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The Fine Structure of Chloroplasts from Mineral-Deficient Leaves of Phaseolus vulgaris
William W. Thomson and T. E. Weier
American Journal of Botany
Vol. 49, No. 10 (Nov. - Dec., 1962), pp. 1047-1055
Published by: Botanical Society of America, Inc.
Stable URL: http://www.jstor.org/stable/2439150
Page Count: 9
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An electron microscopic study of the changes in chloroplast structure as affected by the stress of nutrient deficiencies is described. Each deficiency produces characteristic changes in the ultrastructure of the chloroplast. In phosphorus and potassium deficiency the plastids develop fully before changes occur; then the grana break down into diffuse, electron-dense masses, forming a highly ordered lamellar system. The plastids of plants low in nitrogen and magnesium do not reach full development before changes occur. In nitrogen-deficient plastids, the stroma is greatly diminished and the grana compartments are swollen and reduced in number. In magnesium deficiency, the grana-fretwork system becomes disorganized and many star-bodies are formed. The absence of zinc blocks the full development of a grana-fretwork system, and large vacuoles are formed in conjunction with grana compartments.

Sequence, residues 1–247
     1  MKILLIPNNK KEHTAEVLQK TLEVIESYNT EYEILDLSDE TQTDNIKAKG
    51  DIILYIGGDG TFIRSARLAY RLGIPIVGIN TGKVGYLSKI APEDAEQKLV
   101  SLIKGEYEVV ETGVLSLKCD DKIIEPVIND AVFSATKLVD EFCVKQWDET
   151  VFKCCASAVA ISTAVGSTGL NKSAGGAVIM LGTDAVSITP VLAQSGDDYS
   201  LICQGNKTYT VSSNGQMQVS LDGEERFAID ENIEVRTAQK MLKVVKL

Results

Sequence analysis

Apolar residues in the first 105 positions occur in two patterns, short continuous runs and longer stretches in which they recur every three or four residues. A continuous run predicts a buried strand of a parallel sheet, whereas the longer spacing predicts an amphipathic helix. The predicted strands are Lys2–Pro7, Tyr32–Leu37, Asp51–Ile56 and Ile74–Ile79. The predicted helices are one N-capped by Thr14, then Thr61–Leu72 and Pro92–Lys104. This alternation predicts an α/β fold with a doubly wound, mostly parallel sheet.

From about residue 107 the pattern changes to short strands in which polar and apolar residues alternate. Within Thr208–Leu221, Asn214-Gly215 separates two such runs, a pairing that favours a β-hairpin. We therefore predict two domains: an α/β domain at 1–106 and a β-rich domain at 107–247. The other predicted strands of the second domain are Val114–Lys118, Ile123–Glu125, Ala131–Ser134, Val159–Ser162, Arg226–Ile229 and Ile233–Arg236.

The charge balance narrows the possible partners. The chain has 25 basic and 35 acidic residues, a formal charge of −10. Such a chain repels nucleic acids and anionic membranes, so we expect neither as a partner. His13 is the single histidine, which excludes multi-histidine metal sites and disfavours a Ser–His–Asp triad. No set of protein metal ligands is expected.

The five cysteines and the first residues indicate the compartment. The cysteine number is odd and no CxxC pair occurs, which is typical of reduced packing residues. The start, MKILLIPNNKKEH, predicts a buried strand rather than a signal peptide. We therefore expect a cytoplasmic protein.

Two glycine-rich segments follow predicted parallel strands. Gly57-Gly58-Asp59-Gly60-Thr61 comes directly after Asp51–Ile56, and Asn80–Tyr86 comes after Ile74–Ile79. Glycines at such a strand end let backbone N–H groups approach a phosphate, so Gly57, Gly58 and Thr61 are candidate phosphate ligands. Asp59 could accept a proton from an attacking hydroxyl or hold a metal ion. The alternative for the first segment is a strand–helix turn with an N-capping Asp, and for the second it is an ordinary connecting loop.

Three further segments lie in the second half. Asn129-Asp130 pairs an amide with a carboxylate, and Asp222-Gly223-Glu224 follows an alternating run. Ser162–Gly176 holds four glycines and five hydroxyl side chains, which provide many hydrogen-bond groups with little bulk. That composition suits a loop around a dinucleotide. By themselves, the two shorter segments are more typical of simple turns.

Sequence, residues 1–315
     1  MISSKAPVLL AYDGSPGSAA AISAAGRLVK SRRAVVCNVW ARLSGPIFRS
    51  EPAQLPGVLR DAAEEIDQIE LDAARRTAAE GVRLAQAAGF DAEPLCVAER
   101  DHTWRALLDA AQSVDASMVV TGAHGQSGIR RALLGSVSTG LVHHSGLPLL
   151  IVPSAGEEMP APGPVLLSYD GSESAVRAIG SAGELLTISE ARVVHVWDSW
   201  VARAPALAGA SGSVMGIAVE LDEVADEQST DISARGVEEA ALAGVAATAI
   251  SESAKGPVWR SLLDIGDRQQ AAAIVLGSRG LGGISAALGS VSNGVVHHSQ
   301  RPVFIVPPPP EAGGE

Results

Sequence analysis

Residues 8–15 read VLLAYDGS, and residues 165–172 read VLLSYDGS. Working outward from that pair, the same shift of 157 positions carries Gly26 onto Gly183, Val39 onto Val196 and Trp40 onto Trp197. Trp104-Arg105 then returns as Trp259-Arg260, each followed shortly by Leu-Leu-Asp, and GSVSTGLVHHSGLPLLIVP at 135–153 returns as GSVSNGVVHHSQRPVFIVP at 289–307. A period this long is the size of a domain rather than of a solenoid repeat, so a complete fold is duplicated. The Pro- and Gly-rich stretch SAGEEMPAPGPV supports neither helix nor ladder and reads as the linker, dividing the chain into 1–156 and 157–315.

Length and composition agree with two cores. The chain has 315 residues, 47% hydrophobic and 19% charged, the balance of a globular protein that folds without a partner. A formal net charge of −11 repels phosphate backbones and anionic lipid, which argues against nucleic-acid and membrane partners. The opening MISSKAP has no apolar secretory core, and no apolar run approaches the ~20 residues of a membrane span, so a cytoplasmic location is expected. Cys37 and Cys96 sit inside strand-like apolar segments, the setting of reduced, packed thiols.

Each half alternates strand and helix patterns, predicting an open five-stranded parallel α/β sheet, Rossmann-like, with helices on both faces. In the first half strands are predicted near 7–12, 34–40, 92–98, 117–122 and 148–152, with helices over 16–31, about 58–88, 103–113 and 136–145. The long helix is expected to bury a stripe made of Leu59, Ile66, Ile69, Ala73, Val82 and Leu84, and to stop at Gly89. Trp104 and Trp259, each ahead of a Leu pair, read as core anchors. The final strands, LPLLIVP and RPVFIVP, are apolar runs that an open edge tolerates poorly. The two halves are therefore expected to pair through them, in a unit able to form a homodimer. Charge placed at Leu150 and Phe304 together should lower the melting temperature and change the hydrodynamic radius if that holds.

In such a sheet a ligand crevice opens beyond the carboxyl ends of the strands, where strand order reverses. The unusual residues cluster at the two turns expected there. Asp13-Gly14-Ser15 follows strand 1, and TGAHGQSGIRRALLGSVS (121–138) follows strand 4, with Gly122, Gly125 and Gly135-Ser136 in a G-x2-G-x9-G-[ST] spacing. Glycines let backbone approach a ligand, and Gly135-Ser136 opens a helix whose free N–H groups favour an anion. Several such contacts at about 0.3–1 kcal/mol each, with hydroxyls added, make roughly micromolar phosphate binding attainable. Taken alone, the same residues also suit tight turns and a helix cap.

American Journal of Botany © 1962 Botanical Society of America, Inc.